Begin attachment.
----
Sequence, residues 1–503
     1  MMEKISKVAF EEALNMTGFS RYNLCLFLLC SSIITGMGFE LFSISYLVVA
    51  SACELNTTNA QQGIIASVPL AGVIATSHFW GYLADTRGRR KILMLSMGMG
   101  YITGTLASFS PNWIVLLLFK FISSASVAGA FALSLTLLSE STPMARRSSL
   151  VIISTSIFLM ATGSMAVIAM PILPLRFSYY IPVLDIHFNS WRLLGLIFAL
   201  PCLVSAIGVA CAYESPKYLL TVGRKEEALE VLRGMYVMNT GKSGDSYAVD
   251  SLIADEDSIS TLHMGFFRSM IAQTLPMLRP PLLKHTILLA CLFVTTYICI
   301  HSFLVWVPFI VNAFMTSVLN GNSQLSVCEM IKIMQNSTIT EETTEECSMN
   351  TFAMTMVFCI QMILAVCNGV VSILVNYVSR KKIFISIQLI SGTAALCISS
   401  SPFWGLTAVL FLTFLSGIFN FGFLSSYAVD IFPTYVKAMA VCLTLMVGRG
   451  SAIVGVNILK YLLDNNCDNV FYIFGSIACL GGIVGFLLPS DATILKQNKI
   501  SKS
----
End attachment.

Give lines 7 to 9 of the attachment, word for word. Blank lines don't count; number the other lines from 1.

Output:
   251  SLIADEDSIS TLHMGFFRSM IAQTLPMLRP PLLKHTILLA CLFVTTYICI
   301  HSFLVWVPFI VNAFMTSVLN GNSQLSVCEM IKIMQNSTIT EETTEECSMN
   351  TFAMTMVFCI QMILAVCNGV VSILVNYVSR KKIFISIQLI SGTAALCISS